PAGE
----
Consequence of Sound review

The Line of Best Fit review

NME review

Village Voice review

This Is Fake DIY review

Frankie Rose – Herein Wild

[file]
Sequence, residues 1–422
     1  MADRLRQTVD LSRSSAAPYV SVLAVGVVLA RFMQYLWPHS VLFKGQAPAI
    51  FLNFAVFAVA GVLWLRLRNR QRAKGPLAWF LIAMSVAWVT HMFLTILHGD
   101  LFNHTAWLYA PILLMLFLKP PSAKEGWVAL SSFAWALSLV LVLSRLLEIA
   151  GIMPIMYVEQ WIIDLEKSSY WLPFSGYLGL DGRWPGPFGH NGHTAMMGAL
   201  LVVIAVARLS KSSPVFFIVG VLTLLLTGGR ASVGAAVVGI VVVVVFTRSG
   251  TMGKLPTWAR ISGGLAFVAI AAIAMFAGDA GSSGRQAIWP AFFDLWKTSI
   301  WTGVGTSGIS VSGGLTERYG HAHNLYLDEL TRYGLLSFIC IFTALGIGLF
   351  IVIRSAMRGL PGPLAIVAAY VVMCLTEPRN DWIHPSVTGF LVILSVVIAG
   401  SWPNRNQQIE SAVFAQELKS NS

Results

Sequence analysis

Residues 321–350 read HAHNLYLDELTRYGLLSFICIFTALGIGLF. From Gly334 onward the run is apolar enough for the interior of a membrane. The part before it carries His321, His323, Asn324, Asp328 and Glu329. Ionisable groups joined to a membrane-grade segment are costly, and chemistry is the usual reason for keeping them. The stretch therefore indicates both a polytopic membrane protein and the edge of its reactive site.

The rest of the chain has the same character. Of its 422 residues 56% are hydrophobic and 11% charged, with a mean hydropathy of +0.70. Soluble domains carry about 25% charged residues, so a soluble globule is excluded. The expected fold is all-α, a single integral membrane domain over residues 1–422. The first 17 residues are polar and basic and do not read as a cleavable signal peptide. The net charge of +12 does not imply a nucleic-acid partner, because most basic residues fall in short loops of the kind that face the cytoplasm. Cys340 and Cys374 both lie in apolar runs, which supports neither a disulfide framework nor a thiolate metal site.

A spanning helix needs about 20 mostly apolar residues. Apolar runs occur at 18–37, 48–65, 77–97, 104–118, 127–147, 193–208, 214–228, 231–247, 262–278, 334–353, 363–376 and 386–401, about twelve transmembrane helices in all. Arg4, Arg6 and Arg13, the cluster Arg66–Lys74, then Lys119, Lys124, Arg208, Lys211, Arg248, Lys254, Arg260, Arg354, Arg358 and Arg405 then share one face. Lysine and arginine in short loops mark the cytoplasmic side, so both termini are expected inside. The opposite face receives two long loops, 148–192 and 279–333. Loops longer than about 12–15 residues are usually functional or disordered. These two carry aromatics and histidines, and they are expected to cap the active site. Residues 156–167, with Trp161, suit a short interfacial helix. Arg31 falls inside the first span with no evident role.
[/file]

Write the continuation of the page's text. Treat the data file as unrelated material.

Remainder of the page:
There’s an almost perfectly straight line from C86 through to Herein Wild. From The Shop Assistants, Fuzzbox, and Talulah Gosh through to Wild Flag, Warpaint, and CocoRosie. As part of the Vivian Girls, the Dum Dum Girls, and Crystal Stilts, Frankie Rose is part of this ancestral line, though Fuzzbox and CocoRosie are probably the great aunts that dress strangely, stroke long-haired cats and scare visiting children. Out on her own now, Frankie Rose’s new album, Herein Wild, takes up where the previous one, Interstellar, left off. The first track starts off like a classic indie guitar-led album for the first few bars, only to die away allowing Frankie’s ethereal voice to take centre stage alone. When the drums and guitars come back in they’re now backed by the voice. What started off as just another trashy guitar song turns out to be a thing of wonder. Like its predecessor, Herein Wild has plenty such tropes. The way the voices are left at the end of ‘Minor Times’. The hiatus in the middle of ‘Sorrow’. There are differences, though, between this album and the previous one. Here, the mood is more even. Sure, there are upbeat songs with nervous basslines that betray too many teenage nights spent listening to The Cure. But there isn’t quite range of sound as before. This leads to a more coherent and ultimately a more rewarding listen. Here also, the palette is broader. That really is a trumpet on ‘Requiem’. And the addition of strings is quite an innovation. On ‘Sorrow’, they work really well, adding something different to the sound. On ‘Cliffs as High’, they help create the feel of the song and stay just this side of cliché. With her musical heritage, Frankie Rose has indie-rock blue blood. Tracks such as ‘Question/Reason’ would stand out whichever band she was in. And with Herein Wild the good news is that the ancestral line from C86 onwards is still secure.